Year after year this whole people was engaged in desperate combat; even the children participated, serving as scouts and messengers. They were likewise arrested, clapped in prison, and later sent to a camp. Bridges were blown up, warehouses pillaged, munition depots raided by surprise, small groups of soldiers killed in ambush. The enemy took revenge by burning half-abandoned and half-ruined villages, and by deporting the inhabitants—at any rate, those unable to hide. New punitive expeditions were sent without cease, only to get lost in most cases in the merciless countryside before attaining their goal. From time to time a “nest of bandits” is uncovered—those who do not fall in battle are shipped to Siberia for life.

So the insoluble tragedy goes on and on, simply because several million Ukrainians refuse at any price to become collective farm workers and prefer to remain independent peasants. Are they backward, incorrigible petty bourgeois? Perhaps so. But the punitive expeditions, arrests of hostages, burning of villages—are these the just and correct methods for “converting” them? It is hard to answer such a question in the affirmative. The right of nations to self-determination was ever a part of the Bolshevik program. The bureaucratic epigones try to get around this by claiming that West Ukraine is merely an appendage to East Ukraine. But one might with equal justification claim that Holland, or the Flemish sector of Belgium are a part of Germany, or that Normandy and Brittany are part of England.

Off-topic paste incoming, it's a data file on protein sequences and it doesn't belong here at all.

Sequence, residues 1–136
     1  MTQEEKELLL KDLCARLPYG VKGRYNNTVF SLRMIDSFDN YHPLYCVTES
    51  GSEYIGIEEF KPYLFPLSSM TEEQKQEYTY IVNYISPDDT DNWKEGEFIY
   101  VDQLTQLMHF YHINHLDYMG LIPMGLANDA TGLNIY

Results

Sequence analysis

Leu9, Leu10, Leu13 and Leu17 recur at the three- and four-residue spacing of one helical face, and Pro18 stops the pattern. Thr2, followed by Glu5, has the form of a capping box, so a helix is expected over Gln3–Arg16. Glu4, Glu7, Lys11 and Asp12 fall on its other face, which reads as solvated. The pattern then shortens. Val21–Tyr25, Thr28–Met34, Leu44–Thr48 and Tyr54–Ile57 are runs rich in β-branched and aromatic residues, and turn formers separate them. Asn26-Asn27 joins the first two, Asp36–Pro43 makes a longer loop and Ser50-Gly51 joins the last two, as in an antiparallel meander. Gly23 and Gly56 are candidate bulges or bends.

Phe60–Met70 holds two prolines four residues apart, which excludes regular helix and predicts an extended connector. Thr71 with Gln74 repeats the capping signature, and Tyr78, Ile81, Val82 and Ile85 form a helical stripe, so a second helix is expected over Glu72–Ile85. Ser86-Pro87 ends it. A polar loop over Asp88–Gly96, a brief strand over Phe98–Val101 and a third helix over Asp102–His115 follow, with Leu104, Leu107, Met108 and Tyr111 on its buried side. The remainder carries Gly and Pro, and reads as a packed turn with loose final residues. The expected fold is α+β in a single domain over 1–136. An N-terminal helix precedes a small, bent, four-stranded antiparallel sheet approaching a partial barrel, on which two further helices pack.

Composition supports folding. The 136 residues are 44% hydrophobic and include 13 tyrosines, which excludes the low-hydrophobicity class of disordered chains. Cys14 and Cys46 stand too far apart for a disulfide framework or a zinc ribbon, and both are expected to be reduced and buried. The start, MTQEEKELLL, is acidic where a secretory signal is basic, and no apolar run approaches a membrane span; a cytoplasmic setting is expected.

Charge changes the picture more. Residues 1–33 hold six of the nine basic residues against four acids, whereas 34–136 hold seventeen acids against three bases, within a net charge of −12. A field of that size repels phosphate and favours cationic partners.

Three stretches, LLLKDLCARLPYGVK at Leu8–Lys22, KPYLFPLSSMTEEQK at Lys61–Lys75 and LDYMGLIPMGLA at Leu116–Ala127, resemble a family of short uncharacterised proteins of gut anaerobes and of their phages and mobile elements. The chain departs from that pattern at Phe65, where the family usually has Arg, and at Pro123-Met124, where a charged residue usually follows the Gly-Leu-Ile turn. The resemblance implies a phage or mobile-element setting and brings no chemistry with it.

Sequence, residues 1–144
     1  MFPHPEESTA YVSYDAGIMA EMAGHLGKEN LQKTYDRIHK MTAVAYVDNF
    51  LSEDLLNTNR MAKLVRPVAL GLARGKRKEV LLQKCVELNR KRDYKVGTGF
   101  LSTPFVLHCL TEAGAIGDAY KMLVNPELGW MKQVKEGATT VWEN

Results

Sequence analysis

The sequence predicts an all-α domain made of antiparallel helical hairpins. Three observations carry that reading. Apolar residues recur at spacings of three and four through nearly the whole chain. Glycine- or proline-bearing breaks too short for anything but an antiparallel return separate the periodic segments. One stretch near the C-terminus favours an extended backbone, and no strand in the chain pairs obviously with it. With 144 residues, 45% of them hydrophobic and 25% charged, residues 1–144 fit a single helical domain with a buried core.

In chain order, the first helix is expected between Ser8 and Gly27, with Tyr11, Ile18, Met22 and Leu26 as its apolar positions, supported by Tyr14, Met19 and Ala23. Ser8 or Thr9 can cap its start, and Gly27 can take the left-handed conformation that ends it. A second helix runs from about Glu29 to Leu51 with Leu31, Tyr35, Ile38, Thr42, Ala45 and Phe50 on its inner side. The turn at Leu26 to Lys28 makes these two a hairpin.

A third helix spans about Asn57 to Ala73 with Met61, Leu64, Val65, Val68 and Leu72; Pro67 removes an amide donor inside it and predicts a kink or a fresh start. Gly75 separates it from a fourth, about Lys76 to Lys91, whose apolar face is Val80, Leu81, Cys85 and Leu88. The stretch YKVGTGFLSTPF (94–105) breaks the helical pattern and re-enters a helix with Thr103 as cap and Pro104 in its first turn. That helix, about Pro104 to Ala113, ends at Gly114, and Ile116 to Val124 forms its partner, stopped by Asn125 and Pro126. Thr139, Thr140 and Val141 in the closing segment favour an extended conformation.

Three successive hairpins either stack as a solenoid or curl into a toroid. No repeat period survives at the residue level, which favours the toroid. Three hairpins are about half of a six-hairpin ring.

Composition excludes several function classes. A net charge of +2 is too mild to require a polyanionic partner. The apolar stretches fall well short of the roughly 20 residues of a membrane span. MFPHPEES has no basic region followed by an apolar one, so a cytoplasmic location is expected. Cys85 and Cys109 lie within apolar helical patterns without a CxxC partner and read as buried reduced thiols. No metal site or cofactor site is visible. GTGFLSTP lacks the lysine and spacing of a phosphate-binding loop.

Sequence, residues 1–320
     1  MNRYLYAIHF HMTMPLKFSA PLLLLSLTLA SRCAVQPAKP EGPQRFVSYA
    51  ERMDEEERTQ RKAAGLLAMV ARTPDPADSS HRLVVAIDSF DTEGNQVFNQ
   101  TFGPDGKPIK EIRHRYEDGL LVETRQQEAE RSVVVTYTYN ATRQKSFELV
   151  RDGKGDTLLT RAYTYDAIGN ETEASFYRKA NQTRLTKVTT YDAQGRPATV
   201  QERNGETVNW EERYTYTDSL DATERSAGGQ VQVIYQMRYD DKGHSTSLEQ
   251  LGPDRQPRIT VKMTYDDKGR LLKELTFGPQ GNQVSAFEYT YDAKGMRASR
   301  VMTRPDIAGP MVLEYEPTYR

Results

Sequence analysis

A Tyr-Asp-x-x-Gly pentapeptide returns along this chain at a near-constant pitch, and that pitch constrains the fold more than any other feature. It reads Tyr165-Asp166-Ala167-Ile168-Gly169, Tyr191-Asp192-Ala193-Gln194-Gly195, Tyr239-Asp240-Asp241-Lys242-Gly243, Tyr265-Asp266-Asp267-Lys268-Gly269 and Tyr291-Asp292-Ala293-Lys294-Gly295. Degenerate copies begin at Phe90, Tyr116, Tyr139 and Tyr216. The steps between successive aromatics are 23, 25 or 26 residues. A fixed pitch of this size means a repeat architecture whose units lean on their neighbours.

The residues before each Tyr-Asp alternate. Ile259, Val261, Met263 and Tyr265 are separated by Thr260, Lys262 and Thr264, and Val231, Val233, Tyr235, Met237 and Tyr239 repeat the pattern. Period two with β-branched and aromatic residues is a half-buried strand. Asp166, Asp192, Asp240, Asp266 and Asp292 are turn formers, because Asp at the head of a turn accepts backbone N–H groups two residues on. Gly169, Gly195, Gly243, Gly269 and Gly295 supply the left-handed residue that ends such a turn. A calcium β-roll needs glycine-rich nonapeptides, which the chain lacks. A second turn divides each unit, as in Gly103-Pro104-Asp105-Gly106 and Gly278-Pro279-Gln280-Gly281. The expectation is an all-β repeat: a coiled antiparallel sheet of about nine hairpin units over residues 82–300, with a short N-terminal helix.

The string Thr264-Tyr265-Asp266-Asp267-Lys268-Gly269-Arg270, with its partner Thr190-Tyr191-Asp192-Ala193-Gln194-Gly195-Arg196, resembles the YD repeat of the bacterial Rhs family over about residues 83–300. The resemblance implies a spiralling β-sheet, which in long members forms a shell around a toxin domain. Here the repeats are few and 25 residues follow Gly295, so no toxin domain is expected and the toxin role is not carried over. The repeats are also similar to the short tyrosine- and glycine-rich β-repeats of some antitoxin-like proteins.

As late as summer 1953 the Soviet government had still not succeeded in establishing tranquility and order in the Ukraine, not even the peace of the cemetery. Each month new victims of endless waves of arrest and of unending punitive expeditions keep arriving in the camps. Despite this, despite huge losses, not from battles alone but also from cold, hunger and disease, the partisan movement has not been wiped out.
 
 
Related articles:
Ukraine opposition spreads to provocations by Moscow:
Miners build protests, organize self-defense
Ukraine nation flourished in í20s after revolution
Leninís fight for Ukrainian sovereignty, voluntary union
destroyed by Stalin murder machine